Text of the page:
Secondly, much attention was focused on the role played by onshore ferrous derivatives during this period, with frenetic derivatives trading activity feeding through into the physical steel market. Market expectations both within China and among traders and buyers in its neighbouring countries were set by the Chinese onshore derivatives contracts.
However, trading activity slowed after the Chinese authorities raised the margins required to trade ferrous derivatives four times in November, and the spread between the Shanghai Futures Exchange rebar contract and domestic physical steel prices has narrowed (see chart below).
What has received less attention was the role played by market participants taking long positions in the ferrous derivatives market as a hedge against a likely depreciation of the renminbi against the US dollar. The recent emergence of a negative premium between the SHFE rebar contract and physical ex-mill prices may be worth monitoring more closely (see chart). However, Eastern China's leading steel makers, Shagang, Yonggang and Zenith Steel Group, unanimously raised their rebar domestic sales price for end-December by RMB100 /t to RMB3,550 /t, theoretical weight and including 17% VAT.
China Steel Service: Introduction
The China Steel Service incorporates high frequency pricing (daily and weekly) covering the most traded commodity grades of steel in the Chinese export market. The report includes the first daily commodity assessments to be produced by CRU. The service adopts an analytical approach to Chinese steel market coverage, combining rigorous price assessments, detailed export data and CRU's proprietary production cost and EBITDA margin data, to provide in depth coverage of the Chinese steel market. The product, which has no equivalent in the market, has been developed in response to client demand for improved insight into the Chinese export market. Chinese steel export volumes currently play a key role in determining steel prices globally, while Chinese steel production volumes heavily influence steelmaking raw material prices.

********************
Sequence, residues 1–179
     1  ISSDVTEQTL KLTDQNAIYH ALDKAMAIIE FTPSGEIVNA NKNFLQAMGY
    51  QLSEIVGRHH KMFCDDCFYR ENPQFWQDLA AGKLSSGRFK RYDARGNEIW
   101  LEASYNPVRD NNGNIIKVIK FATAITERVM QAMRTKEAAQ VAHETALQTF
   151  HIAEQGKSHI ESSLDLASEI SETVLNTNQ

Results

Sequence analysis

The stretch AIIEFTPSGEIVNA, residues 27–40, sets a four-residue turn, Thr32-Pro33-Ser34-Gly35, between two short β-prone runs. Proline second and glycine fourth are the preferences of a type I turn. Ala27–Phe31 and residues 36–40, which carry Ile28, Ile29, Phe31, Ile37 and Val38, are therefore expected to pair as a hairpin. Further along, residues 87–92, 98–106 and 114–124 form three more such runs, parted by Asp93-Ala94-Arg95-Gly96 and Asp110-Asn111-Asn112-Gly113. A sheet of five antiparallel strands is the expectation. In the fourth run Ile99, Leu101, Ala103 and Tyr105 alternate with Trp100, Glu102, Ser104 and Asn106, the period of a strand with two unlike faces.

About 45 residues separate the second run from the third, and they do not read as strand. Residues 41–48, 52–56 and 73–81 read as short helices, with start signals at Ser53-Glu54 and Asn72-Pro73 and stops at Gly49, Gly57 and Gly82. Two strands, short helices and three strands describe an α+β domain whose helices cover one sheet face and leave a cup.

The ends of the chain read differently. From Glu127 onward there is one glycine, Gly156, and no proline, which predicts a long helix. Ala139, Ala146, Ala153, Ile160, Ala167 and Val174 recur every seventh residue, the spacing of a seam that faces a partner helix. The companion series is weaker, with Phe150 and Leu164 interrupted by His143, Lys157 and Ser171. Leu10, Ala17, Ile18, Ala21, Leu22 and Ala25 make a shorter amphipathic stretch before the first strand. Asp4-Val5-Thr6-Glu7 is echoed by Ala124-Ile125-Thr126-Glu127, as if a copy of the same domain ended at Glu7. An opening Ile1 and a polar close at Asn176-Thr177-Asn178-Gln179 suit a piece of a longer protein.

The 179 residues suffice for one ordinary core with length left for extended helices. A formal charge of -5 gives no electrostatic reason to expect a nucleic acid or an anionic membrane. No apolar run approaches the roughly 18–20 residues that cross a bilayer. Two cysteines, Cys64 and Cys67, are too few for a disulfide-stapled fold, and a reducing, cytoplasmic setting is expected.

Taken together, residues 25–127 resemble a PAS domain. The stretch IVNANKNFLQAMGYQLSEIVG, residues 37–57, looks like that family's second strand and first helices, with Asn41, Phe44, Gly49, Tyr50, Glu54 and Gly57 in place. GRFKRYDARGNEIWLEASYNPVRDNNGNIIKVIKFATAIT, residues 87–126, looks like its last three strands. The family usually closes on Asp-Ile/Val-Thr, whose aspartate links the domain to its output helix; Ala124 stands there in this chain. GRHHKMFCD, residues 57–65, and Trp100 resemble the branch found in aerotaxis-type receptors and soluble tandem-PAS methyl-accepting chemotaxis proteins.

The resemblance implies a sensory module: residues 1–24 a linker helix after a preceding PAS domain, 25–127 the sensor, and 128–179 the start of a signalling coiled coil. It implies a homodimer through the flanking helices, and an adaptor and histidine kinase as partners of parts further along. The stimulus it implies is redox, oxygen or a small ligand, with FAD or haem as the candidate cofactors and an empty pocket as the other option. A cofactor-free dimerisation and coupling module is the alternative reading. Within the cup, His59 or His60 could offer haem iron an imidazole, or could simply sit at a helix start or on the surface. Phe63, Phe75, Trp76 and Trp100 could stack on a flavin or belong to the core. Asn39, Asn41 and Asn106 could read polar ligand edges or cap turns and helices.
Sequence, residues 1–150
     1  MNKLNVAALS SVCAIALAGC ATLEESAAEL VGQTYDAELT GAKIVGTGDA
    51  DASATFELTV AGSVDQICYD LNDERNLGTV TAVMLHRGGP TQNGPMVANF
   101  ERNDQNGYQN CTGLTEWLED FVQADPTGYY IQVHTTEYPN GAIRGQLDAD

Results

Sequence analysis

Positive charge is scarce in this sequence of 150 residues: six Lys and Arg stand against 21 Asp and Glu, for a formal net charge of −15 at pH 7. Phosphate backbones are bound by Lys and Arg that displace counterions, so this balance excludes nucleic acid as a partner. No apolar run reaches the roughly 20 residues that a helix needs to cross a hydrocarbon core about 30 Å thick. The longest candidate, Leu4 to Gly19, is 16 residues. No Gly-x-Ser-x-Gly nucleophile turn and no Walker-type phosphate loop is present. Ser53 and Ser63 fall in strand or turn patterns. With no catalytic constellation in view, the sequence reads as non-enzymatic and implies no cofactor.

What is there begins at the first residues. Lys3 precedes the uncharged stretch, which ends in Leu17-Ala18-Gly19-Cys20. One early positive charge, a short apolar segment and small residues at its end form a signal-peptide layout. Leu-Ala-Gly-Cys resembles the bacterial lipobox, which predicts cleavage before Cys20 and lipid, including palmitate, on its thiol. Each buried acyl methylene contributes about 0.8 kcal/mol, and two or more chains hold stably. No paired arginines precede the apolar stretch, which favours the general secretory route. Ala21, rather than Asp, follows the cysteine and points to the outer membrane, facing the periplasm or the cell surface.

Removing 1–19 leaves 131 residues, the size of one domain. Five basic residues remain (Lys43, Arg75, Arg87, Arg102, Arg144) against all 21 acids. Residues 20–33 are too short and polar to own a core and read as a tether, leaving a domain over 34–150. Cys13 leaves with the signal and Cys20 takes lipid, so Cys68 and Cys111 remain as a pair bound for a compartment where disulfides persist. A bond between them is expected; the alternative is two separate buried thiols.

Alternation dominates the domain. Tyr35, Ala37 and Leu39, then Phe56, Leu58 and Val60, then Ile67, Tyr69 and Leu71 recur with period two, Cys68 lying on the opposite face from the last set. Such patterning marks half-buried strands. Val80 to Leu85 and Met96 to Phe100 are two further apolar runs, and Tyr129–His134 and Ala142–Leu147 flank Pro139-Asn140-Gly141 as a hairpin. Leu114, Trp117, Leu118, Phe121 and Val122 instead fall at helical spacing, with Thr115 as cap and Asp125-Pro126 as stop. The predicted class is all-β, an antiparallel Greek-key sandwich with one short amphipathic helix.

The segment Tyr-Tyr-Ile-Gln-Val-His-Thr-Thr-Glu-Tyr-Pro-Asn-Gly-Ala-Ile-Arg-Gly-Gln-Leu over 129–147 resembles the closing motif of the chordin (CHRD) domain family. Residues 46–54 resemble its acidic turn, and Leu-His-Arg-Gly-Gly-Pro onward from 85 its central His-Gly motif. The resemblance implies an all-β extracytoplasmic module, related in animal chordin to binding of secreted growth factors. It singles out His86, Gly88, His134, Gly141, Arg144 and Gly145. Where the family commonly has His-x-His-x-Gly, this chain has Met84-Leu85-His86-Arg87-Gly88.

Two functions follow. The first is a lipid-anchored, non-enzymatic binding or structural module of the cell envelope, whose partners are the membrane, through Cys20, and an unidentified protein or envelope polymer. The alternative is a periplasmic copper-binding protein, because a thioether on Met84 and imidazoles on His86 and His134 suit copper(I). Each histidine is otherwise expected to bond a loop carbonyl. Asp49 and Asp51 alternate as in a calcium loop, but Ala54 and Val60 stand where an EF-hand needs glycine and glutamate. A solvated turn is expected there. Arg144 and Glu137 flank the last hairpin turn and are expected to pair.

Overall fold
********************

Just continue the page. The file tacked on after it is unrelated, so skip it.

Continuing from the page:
If you would like to know more about the service, you can trial it here.
Nick Edstrom | Head of prices
Nick is Head of Prices at CRU, and is involved in various aspects of index development and promotion across the company.
Nick Edström joined CRU in 2016 from Argus Media, where he established Argus's iron ore, ferrous scrap and steel prices business.
He previously worked at Platts and Steel Business Briefing as European Steel Editor. He holds a first class degree in Modern Languages from Kings College London.